I want to create an impact together. I do not want it to be my club or my team’s club; I want all the members to work together on moving forward and representing our culture to the different communities here in Thailand.
What are the IWC’s plan for the future, and how do you hope it will further benefit the Indian communities in Thailand?
We want to get people from all kinds of backgrounds involved in our Indian culture and traditions through charitable causes. Additionally, we want to host fun and educational events, like our Galentine’s Day event; it had nothing to do with Indian culture, but we made all our members aware of how important our girlfriends are for us.
Building a community of people you can turn to is essential; how have these women nourished your life?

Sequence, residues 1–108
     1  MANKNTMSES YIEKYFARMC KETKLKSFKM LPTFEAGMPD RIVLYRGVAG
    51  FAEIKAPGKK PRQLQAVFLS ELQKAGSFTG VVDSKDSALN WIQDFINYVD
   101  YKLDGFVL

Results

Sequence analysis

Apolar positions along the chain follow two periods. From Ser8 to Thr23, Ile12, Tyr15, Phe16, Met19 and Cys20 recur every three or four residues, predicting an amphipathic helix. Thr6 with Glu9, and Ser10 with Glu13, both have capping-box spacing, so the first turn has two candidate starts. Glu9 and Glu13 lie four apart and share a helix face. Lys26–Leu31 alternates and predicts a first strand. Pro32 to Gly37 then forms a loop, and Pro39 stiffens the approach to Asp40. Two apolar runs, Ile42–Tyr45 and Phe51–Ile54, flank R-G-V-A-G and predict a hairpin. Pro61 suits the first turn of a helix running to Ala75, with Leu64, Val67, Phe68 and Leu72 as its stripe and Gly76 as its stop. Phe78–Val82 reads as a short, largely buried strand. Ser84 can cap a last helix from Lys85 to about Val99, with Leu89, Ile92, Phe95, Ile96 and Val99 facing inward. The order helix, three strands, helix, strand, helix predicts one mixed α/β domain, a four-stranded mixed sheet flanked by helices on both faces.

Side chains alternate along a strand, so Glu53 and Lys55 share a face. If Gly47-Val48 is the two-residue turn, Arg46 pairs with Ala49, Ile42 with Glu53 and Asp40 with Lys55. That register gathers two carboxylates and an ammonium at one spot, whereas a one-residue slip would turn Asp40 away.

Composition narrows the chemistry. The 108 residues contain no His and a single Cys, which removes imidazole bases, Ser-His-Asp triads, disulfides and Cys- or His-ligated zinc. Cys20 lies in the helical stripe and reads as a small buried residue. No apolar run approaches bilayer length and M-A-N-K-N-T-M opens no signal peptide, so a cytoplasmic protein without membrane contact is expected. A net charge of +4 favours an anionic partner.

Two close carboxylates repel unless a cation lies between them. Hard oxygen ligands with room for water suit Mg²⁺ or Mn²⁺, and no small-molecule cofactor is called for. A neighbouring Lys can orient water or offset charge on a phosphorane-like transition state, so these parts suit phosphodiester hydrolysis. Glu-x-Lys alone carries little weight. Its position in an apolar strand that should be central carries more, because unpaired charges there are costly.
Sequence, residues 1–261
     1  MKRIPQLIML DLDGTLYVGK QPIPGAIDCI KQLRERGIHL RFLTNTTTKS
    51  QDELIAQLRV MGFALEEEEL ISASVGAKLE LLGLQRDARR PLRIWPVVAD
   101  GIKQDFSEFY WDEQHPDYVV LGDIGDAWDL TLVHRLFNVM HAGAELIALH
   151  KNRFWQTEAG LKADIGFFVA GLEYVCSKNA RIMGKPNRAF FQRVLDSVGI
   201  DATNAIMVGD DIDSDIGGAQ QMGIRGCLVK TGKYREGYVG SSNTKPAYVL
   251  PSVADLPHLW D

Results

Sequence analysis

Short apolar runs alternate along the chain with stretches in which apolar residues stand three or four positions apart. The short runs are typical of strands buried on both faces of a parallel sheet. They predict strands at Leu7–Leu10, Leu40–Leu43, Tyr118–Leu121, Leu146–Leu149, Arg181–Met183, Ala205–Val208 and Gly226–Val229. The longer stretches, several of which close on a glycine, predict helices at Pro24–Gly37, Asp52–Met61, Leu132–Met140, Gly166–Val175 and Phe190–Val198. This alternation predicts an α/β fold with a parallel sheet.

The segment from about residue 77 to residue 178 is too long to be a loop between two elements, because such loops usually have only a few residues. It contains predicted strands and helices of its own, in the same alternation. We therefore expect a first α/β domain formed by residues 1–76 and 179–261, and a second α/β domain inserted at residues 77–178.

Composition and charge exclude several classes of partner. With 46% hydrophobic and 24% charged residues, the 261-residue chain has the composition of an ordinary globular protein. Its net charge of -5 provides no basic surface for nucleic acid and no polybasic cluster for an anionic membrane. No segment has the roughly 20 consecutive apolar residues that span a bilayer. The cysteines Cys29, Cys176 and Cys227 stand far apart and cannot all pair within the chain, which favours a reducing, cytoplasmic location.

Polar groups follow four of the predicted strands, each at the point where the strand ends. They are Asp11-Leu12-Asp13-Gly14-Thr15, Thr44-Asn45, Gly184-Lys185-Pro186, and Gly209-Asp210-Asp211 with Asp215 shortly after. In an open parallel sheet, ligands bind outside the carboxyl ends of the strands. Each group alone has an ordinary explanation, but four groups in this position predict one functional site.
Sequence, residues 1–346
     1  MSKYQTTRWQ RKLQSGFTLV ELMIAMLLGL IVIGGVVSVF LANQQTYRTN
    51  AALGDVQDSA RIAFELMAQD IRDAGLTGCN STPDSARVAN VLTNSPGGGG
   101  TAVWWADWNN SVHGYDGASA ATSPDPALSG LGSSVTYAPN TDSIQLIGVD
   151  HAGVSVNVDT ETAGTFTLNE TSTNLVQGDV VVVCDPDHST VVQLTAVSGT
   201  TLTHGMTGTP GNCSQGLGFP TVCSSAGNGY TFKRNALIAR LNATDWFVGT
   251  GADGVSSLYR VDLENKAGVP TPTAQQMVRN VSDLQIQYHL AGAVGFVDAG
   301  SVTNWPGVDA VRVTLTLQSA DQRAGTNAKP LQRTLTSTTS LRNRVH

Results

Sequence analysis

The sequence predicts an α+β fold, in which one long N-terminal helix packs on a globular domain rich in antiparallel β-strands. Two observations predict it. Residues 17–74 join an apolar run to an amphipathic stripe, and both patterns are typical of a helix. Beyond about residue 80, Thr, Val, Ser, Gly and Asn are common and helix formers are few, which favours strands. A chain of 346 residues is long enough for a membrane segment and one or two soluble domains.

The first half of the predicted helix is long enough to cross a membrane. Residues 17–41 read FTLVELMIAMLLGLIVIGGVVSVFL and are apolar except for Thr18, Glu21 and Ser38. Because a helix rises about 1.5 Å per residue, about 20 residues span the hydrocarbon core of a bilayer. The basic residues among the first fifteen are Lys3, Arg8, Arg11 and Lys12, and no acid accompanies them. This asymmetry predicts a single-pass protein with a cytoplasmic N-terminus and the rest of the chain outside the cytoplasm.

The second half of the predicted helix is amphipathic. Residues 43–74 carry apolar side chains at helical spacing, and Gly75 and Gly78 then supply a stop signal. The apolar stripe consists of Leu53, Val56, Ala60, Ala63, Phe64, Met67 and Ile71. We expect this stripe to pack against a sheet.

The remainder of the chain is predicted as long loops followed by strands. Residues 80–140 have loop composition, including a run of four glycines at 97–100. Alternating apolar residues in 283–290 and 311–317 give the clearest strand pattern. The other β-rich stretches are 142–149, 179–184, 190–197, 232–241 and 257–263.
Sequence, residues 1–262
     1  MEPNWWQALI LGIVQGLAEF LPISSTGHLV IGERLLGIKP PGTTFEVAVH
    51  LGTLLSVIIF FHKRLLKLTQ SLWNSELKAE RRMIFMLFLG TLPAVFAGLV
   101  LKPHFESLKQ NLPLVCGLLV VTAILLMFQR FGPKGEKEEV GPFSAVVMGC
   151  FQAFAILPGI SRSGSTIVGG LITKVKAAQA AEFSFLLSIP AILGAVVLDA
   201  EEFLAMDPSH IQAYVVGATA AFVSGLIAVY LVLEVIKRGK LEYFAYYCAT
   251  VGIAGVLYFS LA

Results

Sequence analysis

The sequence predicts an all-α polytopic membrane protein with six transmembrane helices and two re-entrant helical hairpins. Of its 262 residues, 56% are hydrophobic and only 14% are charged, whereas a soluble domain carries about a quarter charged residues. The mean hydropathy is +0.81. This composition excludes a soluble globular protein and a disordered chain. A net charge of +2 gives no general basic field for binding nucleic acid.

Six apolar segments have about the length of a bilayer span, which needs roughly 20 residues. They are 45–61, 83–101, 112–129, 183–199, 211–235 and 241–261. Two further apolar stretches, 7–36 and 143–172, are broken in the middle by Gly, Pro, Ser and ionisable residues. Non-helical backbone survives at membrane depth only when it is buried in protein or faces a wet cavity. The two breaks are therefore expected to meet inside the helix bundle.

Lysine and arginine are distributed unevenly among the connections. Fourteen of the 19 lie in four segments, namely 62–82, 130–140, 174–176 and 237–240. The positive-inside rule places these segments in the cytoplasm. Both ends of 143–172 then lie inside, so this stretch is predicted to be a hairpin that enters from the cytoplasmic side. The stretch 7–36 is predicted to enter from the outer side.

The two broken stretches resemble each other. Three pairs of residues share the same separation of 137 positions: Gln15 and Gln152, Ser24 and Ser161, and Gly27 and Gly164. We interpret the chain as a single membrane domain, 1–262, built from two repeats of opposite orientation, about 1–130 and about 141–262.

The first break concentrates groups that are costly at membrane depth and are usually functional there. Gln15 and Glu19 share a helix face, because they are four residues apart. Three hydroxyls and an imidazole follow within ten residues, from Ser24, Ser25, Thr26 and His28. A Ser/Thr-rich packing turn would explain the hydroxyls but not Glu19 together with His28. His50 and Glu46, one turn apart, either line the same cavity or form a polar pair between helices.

I think all our members have added a little something to each other’s lives. When we look at people, we put them in blocks – we have already decided who they are, because of their background or their culture. It is only when you start meeting people that you realise we have so much to learn from each other. So, I am really enjoying learning new things and meeting people from different walks of life.
Do you have any advice on community building?
Be open to ideas and listen to each other. What often happens is you feel that your idea is important, or what you think is right; but that is not how communities are built. Communities are built by being open to everyone’s ideas, suggestions, and thoughts. It is not about one person; it cannot be, “Me, me, me, I am the president so everything is about me,” as everyone is contributing, and we are moving forward together. We have to respect everyone’s ideas, and when you listen, you may realise maybe she is right, and I did not even think of this. We all have an important role to play.